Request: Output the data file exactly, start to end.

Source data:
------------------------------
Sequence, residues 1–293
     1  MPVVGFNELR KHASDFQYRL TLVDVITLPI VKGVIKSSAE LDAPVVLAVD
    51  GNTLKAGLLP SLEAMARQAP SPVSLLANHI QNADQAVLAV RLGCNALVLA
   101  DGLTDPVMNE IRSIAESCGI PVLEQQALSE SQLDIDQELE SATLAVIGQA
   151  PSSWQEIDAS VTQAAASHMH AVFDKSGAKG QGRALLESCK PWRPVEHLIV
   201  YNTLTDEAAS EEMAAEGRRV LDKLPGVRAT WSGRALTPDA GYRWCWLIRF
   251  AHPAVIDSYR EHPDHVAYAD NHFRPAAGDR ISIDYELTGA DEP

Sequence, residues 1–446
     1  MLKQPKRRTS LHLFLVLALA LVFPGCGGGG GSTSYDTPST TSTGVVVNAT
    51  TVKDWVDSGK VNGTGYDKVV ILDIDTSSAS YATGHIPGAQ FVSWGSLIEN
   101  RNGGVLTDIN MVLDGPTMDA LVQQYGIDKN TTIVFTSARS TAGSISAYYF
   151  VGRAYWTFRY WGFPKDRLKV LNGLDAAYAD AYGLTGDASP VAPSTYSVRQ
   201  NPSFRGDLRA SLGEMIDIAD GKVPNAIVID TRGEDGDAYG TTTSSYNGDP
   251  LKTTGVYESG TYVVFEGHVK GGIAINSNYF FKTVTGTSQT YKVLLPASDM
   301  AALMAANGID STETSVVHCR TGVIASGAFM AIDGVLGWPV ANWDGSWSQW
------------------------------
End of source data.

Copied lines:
Sequence, residues 1–293
     1  MPVVGFNELR KHASDFQYRL TLVDVITLPI VKGVIKSSAE LDAPVVLAVD
    51  GNTLKAGLLP SLEAMARQAP SPVSLLANHI QNADQAVLAV RLGCNALVLA
   101  DGLTDPVMNE IRSIAESCGI PVLEQQALSE SQLDIDQELE SATLAVIGQA
   151  PSSWQEIDAS VTQAAASHMH AVFDKSGAKG QGRALLESCK PWRPVEHLIV
   201  YNTLTDEAAS EEMAAEGRRV LDKLPGVRAT WSGRALTPDA GYRWCWLIRF
   251  AHPAVIDSYR EHPDHVAYAD NHFRPAAGDR ISIDYELTGA DEP

Sequence, residues 1–446
     1  MLKQPKRRTS LHLFLVLALA LVFPGCGGGG GSTSYDTPST TSTGVVVNAT
    51  TVKDWVDSGK VNGTGYDKVV ILDIDTSSAS YATGHIPGAQ FVSWGSLIEN
   101  RNGGVLTDIN MVLDGPTMDA LVQQYGIDKN TTIVFTSARS TAGSISAYYF
   151  VGRAYWTFRY WGFPKDRLKV LNGLDAAYAD AYGLTGDASP VAPSTYSVRQ
   201  NPSFRGDLRA SLGEMIDIAD GKVPNAIVID TRGEDGDAYG TTTSSYNGDP
   251  LKTTGVYESG TYVVFEGHVK GGIAINSNYF FKTVTGTSQT YKVLLPASDM
   301  AALMAANGID STETSVVHCR TGVIASGAFM AIDGVLGWPV ANWDGSWSQW